Where the press is free and every man able to read, all is safe.
                  Thomas Jefferson

                  On Jan 11, 2009, at 10:48 PM, vanhorn_k wrote:

                  >
                  > > Wow, that's pretty extreme. I've only worked with BASF and
                  > Polimero machines, and neither
                  > > had such a high temperature that you couldn't leave them on all
                  > day with minimal
                  > > evaporation, at least with the lid closed. The Polimero machine
                  > has a safety that shuts off
                  > > power if bath reaches a certain heat, as when someone turns it on
                  > without any water
                  > present.
                  > > --Eric Holub, SF
                  > >
                  >
                  > Yeah, I think our thermostat is broken. We got one of the first of
                  > these models available in
                  > the country... I've dismantled it once or twice already. Clearly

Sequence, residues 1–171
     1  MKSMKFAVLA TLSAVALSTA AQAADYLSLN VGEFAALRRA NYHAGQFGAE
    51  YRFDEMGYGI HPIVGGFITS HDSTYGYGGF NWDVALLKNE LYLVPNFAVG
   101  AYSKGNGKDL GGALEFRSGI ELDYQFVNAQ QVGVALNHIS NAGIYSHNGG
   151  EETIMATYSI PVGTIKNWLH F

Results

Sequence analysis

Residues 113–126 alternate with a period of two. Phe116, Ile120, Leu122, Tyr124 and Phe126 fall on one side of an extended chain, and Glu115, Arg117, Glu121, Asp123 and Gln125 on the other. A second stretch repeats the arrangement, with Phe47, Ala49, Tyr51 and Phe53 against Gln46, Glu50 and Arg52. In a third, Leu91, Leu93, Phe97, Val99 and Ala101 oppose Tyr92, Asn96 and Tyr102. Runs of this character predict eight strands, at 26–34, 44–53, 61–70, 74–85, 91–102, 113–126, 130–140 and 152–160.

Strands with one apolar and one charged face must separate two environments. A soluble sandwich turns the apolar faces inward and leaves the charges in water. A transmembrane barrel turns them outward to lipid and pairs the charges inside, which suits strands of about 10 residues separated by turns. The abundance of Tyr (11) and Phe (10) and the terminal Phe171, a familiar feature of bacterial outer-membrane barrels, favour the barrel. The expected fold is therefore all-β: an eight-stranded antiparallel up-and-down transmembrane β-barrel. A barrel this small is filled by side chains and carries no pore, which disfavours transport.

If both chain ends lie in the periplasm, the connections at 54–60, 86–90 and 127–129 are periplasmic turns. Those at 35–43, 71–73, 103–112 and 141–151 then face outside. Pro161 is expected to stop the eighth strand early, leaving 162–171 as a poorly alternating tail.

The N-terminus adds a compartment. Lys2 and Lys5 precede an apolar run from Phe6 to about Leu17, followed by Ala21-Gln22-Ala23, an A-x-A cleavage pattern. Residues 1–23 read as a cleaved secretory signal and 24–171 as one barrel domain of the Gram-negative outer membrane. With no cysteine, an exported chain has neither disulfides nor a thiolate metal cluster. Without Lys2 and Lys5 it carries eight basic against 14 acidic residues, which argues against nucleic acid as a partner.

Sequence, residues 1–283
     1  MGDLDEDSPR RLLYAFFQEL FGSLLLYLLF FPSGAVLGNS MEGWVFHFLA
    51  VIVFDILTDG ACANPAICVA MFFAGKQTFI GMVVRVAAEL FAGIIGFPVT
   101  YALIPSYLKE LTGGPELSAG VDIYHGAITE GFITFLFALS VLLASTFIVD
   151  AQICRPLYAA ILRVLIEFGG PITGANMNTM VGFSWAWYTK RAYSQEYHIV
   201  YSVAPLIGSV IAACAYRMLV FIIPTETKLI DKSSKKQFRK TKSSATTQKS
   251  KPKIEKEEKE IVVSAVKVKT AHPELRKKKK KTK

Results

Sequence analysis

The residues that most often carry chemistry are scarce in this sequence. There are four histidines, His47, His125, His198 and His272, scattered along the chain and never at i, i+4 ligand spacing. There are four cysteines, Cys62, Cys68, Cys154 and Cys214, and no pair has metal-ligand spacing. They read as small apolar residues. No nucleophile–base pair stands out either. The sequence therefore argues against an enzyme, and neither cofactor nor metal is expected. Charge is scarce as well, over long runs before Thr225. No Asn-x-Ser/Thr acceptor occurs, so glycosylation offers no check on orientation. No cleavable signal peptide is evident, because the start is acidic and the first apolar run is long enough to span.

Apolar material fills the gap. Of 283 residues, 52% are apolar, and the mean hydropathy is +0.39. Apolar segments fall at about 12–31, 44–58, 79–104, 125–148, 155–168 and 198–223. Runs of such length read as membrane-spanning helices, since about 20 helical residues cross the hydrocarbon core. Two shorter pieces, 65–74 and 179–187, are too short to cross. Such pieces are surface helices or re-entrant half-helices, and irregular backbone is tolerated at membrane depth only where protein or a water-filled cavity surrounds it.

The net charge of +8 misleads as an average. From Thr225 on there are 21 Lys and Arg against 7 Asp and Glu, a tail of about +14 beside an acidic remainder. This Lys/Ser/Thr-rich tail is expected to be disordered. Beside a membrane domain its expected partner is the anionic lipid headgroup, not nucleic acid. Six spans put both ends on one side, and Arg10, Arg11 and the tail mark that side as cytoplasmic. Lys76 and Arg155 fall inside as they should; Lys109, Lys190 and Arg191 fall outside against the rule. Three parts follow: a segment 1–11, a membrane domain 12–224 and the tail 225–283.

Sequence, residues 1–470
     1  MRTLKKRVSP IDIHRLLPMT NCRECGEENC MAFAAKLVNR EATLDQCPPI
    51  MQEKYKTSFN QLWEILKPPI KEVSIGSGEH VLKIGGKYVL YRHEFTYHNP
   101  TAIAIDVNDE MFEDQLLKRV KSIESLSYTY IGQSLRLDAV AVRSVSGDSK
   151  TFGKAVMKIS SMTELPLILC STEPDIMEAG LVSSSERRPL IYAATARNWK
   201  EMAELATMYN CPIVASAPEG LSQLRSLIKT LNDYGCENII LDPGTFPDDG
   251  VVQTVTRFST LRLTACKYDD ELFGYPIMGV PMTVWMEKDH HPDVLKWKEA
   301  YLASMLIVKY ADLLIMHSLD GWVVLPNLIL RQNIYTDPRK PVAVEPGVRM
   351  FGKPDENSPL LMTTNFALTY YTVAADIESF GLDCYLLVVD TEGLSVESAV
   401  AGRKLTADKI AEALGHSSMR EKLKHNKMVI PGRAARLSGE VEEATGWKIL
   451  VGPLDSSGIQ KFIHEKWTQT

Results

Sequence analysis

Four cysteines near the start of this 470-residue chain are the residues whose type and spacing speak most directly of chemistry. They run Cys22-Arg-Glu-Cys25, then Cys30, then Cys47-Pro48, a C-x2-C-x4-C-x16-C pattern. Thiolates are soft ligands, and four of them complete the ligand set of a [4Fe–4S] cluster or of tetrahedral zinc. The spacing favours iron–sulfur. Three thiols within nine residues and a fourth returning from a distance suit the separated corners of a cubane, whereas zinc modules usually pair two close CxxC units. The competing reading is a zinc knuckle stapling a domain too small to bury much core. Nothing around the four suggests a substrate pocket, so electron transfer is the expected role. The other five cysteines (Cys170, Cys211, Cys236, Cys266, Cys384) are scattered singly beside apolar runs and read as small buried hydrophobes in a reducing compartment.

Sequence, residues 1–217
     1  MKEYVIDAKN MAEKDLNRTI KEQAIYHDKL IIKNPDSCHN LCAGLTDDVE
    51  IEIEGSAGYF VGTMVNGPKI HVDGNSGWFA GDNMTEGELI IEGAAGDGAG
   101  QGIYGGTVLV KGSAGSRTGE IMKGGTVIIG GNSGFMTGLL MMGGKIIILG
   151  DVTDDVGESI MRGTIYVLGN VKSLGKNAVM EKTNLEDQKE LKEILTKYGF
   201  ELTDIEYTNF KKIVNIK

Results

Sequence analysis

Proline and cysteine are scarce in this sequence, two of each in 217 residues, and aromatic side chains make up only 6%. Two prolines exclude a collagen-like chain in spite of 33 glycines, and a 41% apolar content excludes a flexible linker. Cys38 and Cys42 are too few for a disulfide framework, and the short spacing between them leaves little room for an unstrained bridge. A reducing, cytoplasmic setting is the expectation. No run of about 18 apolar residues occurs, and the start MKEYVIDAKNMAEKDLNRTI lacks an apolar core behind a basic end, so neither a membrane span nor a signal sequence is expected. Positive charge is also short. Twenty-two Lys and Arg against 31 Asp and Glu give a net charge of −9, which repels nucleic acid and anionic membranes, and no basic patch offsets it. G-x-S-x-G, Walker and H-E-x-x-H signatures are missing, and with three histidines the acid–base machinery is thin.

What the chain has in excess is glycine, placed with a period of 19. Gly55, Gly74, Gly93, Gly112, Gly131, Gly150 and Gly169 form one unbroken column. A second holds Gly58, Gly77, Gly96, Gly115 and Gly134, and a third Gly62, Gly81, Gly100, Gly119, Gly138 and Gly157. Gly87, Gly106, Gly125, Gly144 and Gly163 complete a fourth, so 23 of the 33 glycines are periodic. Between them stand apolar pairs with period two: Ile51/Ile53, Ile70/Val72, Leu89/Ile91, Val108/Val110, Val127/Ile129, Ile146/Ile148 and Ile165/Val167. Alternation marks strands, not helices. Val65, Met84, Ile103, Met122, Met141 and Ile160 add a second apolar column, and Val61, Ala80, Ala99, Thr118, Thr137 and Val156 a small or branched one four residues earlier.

> we've decided it's not a big
                  > deal.
                  >
                  >
                  >







                  [Non-text portions of this message have been removed]
                • John G. Henry
                  1. Water Temp -- Dan Mayer demonstrated his methods of plate development over the weekend at the College Book Arts Assoc. 1st Biennial Conference in Iowa City,
                  Message 8 of 19 , Jan 12, 2009
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                    1. Water Temp -- Dan Mayer demonstrated his methods of plate
                    development over the weekend at the College Book Arts Assoc. 1st
                    Biennial Conference in Iowa City, IA. He indicated that he washed out
                    his plates by hand using a stainless photographic developing tray in a
                    sink with warm water running, in order to keep the temp somewhat
                    consistent. (Same process used in photo print development by hand.)

                    As to the motion of the brushes, or plate above the brushes, I assume
                    the orbital motion eliminates the chance for individual brush tufts to
                    continually interact with the same plate areas, causing the potential
                    for brush action to be more aggressive in a circular pattern. When
                    washing by hand, you would be wise to imitate the action of the machine